Research from Japan shows that heart rate variability (HRV – the variation in the time interval between heartbeats) could potentially be used to predict epileptic seizures.Heart rate and rhythm can be easily measured using a wearable sensor, and evidence shows that they are affected by seizure activity. If the ‘predictive value’ of this is confirmed, we will be a step closer to the development of a device that can alert people when a seizure is about to take place. This would have clear life-changing, and even life-saving, benefits for people with recurrent epileptic seizures, and it is something that researchers having long strived for.During the current study, the team used eight features of HRV, combined with a recognised technique called ‘anomaly monitoring’, to develop an algorithm for predicting seizures. They then tested the method on simultaneous 24-72-hour video-EEG (looking for physical and electrical signs of seizures) and ECG (examining heart activity) recordings from 14 people with drug-resistant epilepsy. Having the two sets of data allowed the researchers to check how effective the algorithm was at identifying when a seizure was oncoming (at the time of assessment) based on the person’s ECG recordings (and HRV characteristics) in the lead-up to it.The data showed that eight of the 14 subjects had a total of 11 ‘preictal’ episodes (brain activity seen shortly before a seizure) when they were waking from sleep. From the ECG (and hence the HRV) data obtained at these times, the algorithm successfully predicted 10 of the 11 seizures that followed. Also important is the frequency with which the model predicted seizures when they were not about to happen (false positives), as this can be extremely disruptive. It was found to be less than once per hour on average.These findings are very encouraging and the authors are now developing a mobile seizure prediction system based on a smartphone and wearable heart beat interval sensor. In this system, the sensor will measure the person’s heart beat intervals and ‘send them’ to the smartphone wirelessly. The smartphone app will analyse the data and assess, in real time, whether the person is between seizures (interictal) or about to have a seizure (preictal). If the latter is true, an alert will be raised.The authors write, “The developing system has the potential for improving QoL (quality of life) of epileptic patients through real-time seizure warning.”This study is published in the scientific journal IEEE Transactions on Biomedical Engineering.Click here to read more stories about living with epilepsy.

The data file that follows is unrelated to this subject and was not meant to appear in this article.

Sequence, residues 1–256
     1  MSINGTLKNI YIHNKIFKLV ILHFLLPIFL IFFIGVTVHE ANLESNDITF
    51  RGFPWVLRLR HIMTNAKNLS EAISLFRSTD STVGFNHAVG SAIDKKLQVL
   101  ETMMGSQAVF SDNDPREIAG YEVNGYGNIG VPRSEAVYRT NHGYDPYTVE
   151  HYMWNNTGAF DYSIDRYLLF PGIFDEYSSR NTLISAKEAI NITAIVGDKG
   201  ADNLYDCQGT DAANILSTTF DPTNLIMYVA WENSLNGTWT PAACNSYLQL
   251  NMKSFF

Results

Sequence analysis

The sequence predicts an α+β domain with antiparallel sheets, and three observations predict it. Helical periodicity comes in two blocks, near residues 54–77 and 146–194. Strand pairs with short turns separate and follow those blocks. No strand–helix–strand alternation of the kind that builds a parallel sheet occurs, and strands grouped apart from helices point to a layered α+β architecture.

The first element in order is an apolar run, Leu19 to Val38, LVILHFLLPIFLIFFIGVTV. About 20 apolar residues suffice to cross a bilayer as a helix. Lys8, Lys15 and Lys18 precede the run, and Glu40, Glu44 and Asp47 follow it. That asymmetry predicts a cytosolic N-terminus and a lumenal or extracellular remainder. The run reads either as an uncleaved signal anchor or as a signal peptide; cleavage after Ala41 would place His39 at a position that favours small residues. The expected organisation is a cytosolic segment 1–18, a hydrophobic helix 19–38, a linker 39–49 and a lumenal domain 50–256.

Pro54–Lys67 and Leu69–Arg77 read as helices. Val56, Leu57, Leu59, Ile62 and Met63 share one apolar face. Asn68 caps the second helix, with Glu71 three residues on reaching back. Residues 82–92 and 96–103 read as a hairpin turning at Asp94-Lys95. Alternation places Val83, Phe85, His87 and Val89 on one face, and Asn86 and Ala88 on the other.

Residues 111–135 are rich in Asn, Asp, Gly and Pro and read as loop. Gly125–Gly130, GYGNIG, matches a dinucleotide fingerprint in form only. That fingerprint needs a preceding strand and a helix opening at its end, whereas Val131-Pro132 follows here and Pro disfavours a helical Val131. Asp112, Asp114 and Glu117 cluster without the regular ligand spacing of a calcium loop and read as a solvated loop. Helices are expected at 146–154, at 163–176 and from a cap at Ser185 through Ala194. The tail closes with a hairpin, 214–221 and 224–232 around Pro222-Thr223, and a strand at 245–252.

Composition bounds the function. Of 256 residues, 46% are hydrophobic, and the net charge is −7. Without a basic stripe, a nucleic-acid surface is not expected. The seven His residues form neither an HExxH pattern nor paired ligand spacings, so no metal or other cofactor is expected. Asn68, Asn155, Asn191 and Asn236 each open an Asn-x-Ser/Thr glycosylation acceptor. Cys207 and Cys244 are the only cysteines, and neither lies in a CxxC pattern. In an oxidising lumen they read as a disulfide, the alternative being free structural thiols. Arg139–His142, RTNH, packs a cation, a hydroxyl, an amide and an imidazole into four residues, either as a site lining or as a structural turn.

2019-10-26T22:49:42+01:00June 8th, 2016|